“He has,” snapped Sir Walter. “He knew exactly what we wanted. He agreed with all our ideas. ‘And you must have only those around you, Sir Walter,’ he said, ‘who do agree, and believe me, they’re hard to find!’ Ah, but he could find ’em! Oh, yes! He had a very wide clientele, and he happened to have the exact staff we needed—a staff that would co-operate. How he liked that word, my dear, didn’t he? Co-operate. He believed in co-operation. Yes, it was only afterwards that we began to feel doubtful about the miracle. Now, what was it made us doubtful, Cynthia?”

“He was too—confident, perhaps,” suggested Lady Cresswell. “And he had flat feet.” After a moment, while they considered these theories, she added, “And perhaps it seemed rather too much of a miracle.”

“But when Mr. O’Hara called,” retorted Sir Walter, “he—ah!” He glared at his toe apprehensively. “All right. False alarm. When Mr. O’Hara called he presented us with an even greater miracle! Mr. Stockton had hummed and hawed about the date. You remember? It would take a few days to notify and collect the staff. We had to admit that was reasonable, and so we did not expect that we should be able to get rid of the old staff quite so soon as we had hoped.” He turned back to Lucy. “Why are you standing? Please sit down. But when Mr. O’Hara called, he not only had the complete new staff at his finger-tips, but he could bring it along in a couple of days—today, in fact! It was ridiculous! A super-miracle! So why did we trust Mr. O’Hara when we had ceased to trust Mr. Stockton?”

“I think we rather liked the originality of his letter,” replied Lady Cresswell.

“We are not out for originality,” said the baronet.

“No, but when we consented to see Mr. O’Hara, we found that he could be quite as persuasive as Mr. Stockton, and it certainly was an advantage that we could keep to the date we had planned and would not have to ask any of the staff to stay on any longer. They were getting rather restless—and so were we. You see, Mrs. Clover,” he explained, “we gave them notice a week ago—with a full month’s wages, of course, but they were quite happy to agree with our suggestion that they should leave in a week. It was only when we found that we could not secure the kind of service we required locally that we advertised. And it was only because of the somewhat strained atmosphere here—though I need not go into that—that we engaged you all without troubling about references.”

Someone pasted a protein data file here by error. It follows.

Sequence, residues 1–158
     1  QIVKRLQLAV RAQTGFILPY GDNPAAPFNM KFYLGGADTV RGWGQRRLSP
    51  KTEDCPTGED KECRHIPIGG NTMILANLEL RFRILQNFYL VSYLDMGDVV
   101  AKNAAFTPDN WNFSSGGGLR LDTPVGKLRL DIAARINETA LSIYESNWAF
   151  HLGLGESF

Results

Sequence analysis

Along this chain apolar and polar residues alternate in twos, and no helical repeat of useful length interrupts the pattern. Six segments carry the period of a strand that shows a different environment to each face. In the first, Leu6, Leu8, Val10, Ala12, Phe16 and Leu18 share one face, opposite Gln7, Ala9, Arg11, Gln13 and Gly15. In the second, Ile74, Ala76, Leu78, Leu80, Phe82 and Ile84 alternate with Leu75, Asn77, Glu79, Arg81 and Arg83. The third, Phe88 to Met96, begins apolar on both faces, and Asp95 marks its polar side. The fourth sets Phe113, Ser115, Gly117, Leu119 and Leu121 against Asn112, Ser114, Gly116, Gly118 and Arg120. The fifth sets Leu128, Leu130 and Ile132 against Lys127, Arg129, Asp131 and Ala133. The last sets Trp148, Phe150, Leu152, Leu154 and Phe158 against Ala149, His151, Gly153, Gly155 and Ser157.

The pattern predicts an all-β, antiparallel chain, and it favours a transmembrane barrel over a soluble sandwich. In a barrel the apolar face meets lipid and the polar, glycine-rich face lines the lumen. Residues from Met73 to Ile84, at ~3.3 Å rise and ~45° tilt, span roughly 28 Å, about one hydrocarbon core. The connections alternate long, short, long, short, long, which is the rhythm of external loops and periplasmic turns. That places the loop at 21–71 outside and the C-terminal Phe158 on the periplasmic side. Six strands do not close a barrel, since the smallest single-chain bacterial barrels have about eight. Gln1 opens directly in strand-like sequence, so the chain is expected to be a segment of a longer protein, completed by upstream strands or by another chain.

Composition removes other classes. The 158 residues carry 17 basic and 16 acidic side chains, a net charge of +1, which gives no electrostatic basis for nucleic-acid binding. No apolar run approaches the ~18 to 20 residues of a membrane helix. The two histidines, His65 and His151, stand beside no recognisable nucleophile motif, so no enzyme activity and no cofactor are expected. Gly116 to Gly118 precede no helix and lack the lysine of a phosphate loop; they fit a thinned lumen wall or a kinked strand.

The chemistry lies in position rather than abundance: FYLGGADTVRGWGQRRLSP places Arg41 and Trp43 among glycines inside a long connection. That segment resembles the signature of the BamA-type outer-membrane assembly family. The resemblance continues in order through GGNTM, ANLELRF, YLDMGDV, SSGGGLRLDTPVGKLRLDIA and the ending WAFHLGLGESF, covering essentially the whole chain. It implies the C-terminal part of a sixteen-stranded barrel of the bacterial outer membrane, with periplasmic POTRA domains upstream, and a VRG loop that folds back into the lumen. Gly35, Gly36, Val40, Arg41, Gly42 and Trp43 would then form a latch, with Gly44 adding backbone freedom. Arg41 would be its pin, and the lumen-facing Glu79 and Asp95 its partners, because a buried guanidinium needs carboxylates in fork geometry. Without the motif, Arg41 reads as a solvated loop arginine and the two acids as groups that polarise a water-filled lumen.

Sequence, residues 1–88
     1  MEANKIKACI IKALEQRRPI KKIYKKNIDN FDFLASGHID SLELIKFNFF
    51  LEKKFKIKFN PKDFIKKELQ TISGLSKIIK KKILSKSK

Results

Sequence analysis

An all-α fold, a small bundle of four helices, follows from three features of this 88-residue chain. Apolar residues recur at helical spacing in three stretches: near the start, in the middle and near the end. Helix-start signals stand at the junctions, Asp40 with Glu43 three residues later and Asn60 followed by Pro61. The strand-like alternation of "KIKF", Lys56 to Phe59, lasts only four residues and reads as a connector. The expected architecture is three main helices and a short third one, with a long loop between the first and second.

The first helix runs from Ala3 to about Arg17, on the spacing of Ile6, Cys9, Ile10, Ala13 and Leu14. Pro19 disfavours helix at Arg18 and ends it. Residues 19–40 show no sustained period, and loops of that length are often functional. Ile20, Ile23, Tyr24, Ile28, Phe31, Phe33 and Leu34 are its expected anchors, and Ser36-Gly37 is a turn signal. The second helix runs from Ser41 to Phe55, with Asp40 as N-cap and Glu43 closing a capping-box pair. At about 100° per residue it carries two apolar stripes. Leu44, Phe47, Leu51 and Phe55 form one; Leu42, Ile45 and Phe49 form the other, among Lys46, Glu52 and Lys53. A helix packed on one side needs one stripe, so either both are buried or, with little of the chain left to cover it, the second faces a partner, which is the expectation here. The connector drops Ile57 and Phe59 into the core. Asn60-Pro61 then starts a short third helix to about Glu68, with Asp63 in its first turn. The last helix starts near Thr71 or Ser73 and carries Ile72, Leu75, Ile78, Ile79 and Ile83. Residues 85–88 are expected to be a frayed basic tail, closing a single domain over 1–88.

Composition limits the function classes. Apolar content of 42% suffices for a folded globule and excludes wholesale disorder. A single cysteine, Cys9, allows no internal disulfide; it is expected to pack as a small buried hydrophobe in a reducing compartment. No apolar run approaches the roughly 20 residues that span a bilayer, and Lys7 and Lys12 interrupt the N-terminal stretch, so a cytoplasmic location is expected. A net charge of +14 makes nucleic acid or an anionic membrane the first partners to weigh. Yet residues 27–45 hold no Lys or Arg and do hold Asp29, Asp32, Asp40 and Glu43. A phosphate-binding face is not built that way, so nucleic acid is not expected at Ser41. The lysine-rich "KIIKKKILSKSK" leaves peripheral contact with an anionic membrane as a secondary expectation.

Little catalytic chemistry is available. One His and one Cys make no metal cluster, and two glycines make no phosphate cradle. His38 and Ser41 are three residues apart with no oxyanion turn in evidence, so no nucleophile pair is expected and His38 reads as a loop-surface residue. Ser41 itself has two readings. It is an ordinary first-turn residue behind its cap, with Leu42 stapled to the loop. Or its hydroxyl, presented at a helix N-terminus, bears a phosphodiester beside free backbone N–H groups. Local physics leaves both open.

“I quite understand, my lady,” answered Lucy.

“Will you now tell her what Mr. Stockton said?” Lady Cresswell asked her husband.

“That is what I am supposed to be doing,” he grunted. “Mr. Stockton himself brought up the question of references. He was shocked when he heard we were engaging you all without them. He, of course, would have supplied references, which—you remember how he emphasised this, Cynthia?—which were particularly important when dealing with applicants answering such an advertisement as ours. I asked him to explain what he meant. He quoted one of the phrases. Can you guess which one it was, Mrs. Clover?”

“I would rather be told,” replied Lucy.

“This was the phrase.” He looked at her hard. “ ‘Considerable ultimate advantage may accrue to the applicants.’ Now—did that influence you at all?”

He looked at her harder still, and Lady Cresswell frowned, though Lucy was not sure whether the frown was meant for her or Sir Walter.

“Speaking for myself, and of course I can only speak for myself,” responded Lucy, carefully, “it did not influence me in the least.”

“I believe you,” nodded Lady Cresswell.

“H’m. But some of the others may have been influenced, eh?” pressed Sir Walter.

Now Lady Cresswell interposed definitely with, “I don’t think that is for her to say, dear,” and Lucy felt sure now that the frown had not been for Lady Cresswell’s housekeeper but for her husband. “After all—we should hardly have inserted the phrase—would we?—if we had desired it to be ignored.”

To Lucy’s relief, Sir Walter smiled. She had rather expected him to go up in the air.

“My wife is two years my junior,” he remarked, “and is consequently two years farther removed from her dotage. I should not have put that question. I apologise.”

“Oh, please don’t!” exclaimed Lucy. “Of course I understand. But I think I can safely say this. None of us are more likely to have been influenced by the phrase than—well—Mr. Bloggs. I mean, Mr. Stockton.”